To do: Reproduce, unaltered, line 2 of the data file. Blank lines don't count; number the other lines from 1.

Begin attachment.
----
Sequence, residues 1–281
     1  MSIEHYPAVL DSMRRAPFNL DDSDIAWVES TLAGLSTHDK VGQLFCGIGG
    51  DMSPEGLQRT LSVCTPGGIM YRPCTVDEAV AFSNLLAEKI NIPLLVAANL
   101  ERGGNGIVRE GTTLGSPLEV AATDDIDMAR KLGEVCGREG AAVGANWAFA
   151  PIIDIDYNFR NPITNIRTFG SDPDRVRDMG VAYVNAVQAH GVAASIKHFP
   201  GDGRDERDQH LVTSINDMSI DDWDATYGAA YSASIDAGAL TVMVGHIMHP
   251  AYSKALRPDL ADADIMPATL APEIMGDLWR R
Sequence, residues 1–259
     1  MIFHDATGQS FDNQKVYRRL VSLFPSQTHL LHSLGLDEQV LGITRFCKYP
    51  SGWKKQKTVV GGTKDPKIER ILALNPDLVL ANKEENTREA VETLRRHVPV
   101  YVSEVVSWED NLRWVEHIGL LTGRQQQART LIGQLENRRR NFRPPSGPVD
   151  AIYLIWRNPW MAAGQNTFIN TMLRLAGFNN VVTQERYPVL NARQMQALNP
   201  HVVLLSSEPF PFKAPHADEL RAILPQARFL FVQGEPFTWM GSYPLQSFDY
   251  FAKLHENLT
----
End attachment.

     1  MSIEHYPAVL DSMRRAPFNL DDSDIAWVES TLAGLSTHDK VGQLFCGIGG